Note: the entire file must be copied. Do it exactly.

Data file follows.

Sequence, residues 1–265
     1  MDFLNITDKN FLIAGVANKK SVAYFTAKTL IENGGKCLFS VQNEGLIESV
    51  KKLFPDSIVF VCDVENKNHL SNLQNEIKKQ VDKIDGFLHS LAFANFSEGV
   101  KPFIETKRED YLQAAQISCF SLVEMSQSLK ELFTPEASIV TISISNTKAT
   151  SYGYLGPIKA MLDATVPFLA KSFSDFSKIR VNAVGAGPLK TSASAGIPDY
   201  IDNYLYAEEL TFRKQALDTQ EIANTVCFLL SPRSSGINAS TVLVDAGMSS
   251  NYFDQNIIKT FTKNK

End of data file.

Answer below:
Sequence, residues 1–265
     1  MDFLNITDKN FLIAGVANKK SVAYFTAKTL IENGGKCLFS VQNEGLIESV
    51  KKLFPDSIVF VCDVENKNHL SNLQNEIKKQ VDKIDGFLHS LAFANFSEGV
   101  KPFIETKRED YLQAAQISCF SLVEMSQSLK ELFTPEASIV TISISNTKAT
   151  SYGYLGPIKA MLDATVPFLA KSFSDFSKIR VNAVGAGPLK TSASAGIPDY
   201  IDNYLYAEEL TFRKQALDTQ EIANTVCFLL SPRSSGINAS TVLVDAGMSS
   251  NYFDQNIIKT FTKNK